STANLEY Security, a global integrator of comprehensive security solutions and an electronic security company, has announced its investment in Evolv Technology, the globally renowned company in artificial intelligence (AI)-based touchless security screening. This investment, backed by STANLEY Ventures, the venture capital arm of Stanley Black & Decker, forms a strategic partnership between the two companies. Evolv Express Evolv Express, the company’s touchless security screening system, makes it possible for venues of all kinds to keep visitors safe from concealed weapons, pandemic health threats and intruders. Powered by the Evolv Cortex AI software platform, the system uses proprietary sensors and AI to differentiate weapons from personal items in real-time. Evolv Express keeps high-volume entrances flowing, by reliably detecting guns and other weapons, as people walk through naturally, without emptying their pockets, bags, backpacks or other belongings. The system can screen more than 3,600 people per hour, which is 10 times faster than metal detectors. Touchless security screening solutions Evolv’s innovative, touchless security screening solutions are an integral part of the security industry’s future" "We're committed to helping organisations create safer, healthier environments for their employees, customers, students and partners, and our investment in Evolv Technology helps us deliver on that commitment,” said STANLEY Security, Global President, Matthew (Matt) Kushner. He adds, “Evolv’s innovative, touchless security screening solutions are an integral part of the security industry’s future. When paired with data analytics and expertise from STANLEY Security, these solutions will deliver even more value to organisations as they adjust operations and enhance security measures to reopen and stay open safely.” Powerful additions to security programs Evolv Technology’s systems are powerful additions to security programs at K-12 schools, higher education institutions, hospitals, sports venues, office and federal buildings, outdoor recreation venues and more. To date, the systems have been used to screen more than 50 million individuals at venues and facilities across the globe. “We’re proud to partner with STANLEY Security and Stanley Black & Decker to add even more capabilities to our technology and deliver superior value to our customers,” said Evolv Technology’s Chief Executive Officer (CEO), Peter George. Strategic partnership He adds, “This strategic partnership leverages the resources, capabilities, industry expertise and market presence of both companies. The breadth of STANLEY Security’s solutions portfolio and reach of its global installed base, coupled with Evolv’s modern technology and commitment to transforming the security screening space, makes for a powerful partnership.”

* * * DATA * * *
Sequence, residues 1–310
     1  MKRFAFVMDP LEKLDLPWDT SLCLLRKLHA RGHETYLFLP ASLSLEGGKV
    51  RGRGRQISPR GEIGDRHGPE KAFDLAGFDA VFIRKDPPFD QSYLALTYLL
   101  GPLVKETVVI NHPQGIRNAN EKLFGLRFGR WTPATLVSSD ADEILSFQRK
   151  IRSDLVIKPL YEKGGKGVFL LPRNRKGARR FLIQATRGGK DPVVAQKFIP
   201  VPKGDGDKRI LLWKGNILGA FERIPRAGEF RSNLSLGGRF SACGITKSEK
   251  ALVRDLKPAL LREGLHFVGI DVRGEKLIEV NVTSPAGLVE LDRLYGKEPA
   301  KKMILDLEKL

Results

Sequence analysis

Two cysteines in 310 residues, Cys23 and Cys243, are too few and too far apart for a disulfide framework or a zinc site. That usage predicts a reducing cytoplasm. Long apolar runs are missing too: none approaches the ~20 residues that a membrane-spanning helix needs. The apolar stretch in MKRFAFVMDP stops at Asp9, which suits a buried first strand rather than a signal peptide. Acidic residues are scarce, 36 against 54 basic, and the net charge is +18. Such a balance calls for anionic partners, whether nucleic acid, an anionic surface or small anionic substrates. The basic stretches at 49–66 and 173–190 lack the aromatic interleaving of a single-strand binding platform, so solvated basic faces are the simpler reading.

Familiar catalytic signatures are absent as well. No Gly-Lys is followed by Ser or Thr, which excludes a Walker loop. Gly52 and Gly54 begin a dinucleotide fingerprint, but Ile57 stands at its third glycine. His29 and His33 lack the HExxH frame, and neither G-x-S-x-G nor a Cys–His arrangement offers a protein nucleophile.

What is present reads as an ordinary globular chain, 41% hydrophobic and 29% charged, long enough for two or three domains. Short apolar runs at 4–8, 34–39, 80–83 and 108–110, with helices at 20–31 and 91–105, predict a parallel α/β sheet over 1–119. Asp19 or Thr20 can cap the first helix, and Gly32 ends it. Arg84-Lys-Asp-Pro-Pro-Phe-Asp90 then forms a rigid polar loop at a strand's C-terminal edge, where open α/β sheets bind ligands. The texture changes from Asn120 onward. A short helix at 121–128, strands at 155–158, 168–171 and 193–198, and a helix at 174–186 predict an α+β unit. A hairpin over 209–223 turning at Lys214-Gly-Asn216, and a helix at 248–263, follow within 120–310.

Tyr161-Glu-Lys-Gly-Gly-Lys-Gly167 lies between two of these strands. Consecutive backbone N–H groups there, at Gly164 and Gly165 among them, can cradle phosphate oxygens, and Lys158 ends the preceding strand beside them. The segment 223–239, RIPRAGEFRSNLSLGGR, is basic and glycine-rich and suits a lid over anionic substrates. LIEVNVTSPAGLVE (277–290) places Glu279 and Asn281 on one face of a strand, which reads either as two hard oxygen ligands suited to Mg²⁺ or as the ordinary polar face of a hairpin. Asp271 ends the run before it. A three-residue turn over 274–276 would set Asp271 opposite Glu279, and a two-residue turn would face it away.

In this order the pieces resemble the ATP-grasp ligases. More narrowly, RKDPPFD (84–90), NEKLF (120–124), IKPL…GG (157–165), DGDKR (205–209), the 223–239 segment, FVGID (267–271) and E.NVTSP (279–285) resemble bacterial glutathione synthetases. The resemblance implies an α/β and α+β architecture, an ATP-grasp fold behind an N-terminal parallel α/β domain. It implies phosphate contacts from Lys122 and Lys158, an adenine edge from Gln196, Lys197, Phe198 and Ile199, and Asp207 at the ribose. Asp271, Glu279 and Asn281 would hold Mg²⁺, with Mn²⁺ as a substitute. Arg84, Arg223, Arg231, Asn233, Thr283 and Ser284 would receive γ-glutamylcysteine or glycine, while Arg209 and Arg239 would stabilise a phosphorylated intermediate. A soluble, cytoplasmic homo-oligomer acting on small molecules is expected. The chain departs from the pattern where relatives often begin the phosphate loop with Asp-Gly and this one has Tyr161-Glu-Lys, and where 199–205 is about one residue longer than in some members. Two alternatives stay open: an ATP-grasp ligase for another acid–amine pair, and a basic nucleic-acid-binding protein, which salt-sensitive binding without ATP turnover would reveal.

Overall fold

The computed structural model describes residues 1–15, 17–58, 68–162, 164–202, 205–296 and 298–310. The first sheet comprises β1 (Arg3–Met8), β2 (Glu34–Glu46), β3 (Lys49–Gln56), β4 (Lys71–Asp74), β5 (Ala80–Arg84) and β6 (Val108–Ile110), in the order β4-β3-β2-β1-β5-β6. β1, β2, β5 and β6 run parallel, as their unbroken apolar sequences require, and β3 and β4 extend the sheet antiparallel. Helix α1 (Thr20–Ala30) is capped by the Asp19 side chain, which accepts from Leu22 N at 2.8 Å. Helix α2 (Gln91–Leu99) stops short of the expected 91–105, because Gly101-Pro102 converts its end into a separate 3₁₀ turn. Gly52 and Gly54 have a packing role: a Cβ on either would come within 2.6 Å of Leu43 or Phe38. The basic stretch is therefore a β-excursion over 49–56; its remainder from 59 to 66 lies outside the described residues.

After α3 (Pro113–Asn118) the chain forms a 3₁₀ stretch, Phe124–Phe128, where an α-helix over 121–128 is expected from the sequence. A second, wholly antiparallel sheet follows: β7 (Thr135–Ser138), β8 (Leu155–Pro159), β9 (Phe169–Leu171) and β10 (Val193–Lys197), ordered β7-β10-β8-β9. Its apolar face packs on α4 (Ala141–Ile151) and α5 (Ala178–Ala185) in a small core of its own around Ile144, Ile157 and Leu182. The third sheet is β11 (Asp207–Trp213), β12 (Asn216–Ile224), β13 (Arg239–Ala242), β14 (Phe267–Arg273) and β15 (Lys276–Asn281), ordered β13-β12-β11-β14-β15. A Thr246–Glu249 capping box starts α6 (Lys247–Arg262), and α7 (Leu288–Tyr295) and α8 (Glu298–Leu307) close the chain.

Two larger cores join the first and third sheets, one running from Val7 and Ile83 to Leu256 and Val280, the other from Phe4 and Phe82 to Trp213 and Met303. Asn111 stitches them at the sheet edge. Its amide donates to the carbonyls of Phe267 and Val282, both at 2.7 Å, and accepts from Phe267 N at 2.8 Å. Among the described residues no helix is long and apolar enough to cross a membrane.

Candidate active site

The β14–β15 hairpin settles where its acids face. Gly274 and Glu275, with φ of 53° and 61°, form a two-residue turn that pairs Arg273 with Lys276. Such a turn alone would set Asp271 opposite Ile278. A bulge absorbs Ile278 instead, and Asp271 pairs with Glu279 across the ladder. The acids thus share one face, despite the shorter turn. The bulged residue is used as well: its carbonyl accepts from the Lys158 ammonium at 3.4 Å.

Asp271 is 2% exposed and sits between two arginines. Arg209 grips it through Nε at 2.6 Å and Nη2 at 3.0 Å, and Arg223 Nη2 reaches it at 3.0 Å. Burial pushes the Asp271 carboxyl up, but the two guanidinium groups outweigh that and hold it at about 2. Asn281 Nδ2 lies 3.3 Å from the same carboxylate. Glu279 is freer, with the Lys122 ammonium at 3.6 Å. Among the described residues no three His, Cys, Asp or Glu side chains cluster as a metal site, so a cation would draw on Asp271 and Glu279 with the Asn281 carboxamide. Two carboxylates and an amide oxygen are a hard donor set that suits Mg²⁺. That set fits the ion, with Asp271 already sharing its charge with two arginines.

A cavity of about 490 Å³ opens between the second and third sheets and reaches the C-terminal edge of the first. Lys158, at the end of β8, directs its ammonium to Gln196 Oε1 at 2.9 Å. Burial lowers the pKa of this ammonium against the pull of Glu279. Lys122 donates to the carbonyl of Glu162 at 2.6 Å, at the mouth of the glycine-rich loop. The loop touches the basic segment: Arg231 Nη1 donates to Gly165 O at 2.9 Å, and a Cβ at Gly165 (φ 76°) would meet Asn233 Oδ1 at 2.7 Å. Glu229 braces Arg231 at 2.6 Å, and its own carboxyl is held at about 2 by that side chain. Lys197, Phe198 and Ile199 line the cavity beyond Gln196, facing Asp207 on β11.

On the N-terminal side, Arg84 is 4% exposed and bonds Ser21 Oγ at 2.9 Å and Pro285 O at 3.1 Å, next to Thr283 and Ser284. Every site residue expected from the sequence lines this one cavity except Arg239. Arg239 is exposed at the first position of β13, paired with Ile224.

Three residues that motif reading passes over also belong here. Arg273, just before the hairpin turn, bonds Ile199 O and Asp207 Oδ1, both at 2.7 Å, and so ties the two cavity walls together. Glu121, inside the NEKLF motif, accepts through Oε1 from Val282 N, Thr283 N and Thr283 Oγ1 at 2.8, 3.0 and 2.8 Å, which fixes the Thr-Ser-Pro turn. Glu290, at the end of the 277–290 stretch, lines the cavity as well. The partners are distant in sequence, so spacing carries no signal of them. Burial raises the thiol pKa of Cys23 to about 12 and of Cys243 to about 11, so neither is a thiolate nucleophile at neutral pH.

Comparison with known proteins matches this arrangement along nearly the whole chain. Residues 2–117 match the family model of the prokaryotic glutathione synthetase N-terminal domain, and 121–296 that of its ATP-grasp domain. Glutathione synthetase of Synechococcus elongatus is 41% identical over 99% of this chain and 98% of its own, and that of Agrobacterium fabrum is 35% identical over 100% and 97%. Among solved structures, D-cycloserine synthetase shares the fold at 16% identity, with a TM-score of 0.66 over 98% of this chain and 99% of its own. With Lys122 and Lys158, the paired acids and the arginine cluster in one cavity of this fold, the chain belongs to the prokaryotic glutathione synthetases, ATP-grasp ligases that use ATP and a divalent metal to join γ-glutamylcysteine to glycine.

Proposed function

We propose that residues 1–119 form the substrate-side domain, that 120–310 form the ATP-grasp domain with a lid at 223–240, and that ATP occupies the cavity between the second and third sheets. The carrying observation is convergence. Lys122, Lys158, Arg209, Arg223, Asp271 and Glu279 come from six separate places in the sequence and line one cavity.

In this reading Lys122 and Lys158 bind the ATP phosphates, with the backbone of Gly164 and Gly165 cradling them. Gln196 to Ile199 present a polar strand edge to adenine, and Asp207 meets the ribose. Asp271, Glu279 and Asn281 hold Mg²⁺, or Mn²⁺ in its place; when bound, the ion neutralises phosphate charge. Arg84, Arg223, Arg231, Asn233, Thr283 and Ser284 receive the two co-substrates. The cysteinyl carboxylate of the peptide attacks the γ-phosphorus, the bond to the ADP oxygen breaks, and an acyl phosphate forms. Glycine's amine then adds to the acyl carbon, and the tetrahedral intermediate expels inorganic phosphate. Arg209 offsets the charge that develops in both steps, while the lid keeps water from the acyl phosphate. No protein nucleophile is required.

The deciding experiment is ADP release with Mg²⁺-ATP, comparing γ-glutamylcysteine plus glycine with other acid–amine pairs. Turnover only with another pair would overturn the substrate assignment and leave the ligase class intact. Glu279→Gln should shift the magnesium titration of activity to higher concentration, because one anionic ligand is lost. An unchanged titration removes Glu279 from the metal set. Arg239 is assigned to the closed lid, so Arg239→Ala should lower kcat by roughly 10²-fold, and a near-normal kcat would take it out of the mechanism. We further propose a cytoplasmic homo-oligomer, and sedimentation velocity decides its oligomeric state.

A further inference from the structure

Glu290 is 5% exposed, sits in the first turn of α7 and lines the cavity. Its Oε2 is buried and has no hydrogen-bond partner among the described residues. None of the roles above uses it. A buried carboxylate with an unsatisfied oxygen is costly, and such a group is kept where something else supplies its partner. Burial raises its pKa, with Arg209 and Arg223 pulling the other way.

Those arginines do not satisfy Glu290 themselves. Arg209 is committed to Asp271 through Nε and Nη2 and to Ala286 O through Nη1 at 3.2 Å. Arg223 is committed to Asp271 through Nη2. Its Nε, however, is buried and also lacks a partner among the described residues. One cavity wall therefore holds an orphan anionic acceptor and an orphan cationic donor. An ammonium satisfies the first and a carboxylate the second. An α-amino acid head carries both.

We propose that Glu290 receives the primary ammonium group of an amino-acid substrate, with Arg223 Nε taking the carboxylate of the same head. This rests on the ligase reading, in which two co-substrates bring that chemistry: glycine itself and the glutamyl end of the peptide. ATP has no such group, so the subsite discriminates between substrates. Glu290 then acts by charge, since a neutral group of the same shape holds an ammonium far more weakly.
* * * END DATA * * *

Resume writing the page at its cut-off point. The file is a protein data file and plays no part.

Milipol Qatar 2020, the Middle East’s international event for Homeland Security and Civil Defence which returns to Doha this October, will feature a powerful three-day seminar program in which decision makers and security experts will outline major strategies for a safer post-COVID 19 world amongst other main foresights. The program will run alongside the 13th Milipol Qatar at the Doha International Exhibition and Convention Centre from October 26-28. Biometrics, Cybersecurity And Contactless Technology In the cast of the Mega Events Security session, this will have particular relevance to Qatar" The two-hour seminars will open on the afternoon of Monday, October 26 with a session devoted to ‘Security by Design: Cybersecurity and new technology including biometrics and contactless technology.’ The morning of Tuesday, October 27 will be dedicated to ‘Mega Events Security’ while the afternoon session will focus on ‘Crisis Management and Health Security - Post-COVID feedback.’ The program rounds out on Wednesday, October 28th with a session on ‘Firefighting Emergency and Security Systems.’ Lessons from COVID-19 pandemic The seminars have been curated so that the Homeland Security and Civil Defense industries can together plan strategies" “The seminars have been curated so that the Homeland Security and Civil Defence industries can together plan strategies for a safer world in light of the lessons learnt from the COVID -19 pandemic. Much of the program’s outcomes will most probably impact very closely these sectors worldwide,” explained Préfet Yann Jounot, CEO of Civipol – the technical implementer of the French ministry of the Interior – and President of Milipol events. “As this will be the first major industry event of its type to be held following the pandemic’s outbreak, we anticipate some probing debate and recommendations for innovative processes and procedures to tackle future global emergencies.” “In the cast of the Mega Events Security session, this will have particular relevance to Qatar as it heads further down the road to the hosting of the 2022 FIFA World Cup and the much vaunted possibility of next year hosting a FIFA Pan Arab tournament.” Exhibitors include Fire and protection infrastructure The exhibitor line-up includes names from Homeland Security and Civil Defense sectors Milipol Qatar has attracted a strong exhibitor turnout from organisations across Scandinavia, Europe, the UK, USA, Eastern Mediterranean, Middle East and Far East. The exhibitor line-up includes names from Homeland Security and Civil Defence sectors which span a wide breadth of equipment, systems, product, and consultancy offerings. Confirmed exhibitors include: fire and protection infrastructure support product and engineering systems suppliers; services and safety training consultants; manufacturers of access control, authentication and cyber-security systems; risk assessment and crisis management advisors; fibres and fabric suppliers; producers of measurement and analysis, mobility and optronic solutions; communications and transmission systems as well as weapons and ammunition suppliers. Online registrations open Milipol Qatar 2020 is expected to welcome over 200 exhibitors and close to 8,000 visitors The industry-only event, which is under the patronage of His Highness the Emir of Qatar, Sheikh Tamim Bin Hamad Al-Thani, is organised by Qatar’s Ministry of Interior in partnership with Paris-based international event organiser Comexposium, acting on behalf of the GIE Milipol headed by Civipol, the technical implementer of the French ministry of the Interior. Moreover, the French minister of the Interior is a guest of honour of the event. Milipol Qatar 2020 is expected to welcome over 200 exhibitors and close to 8,000 visitors. The event’s online registration platform for both exhibitors, and industry professional visitors, who enter free-of-charge, is now open.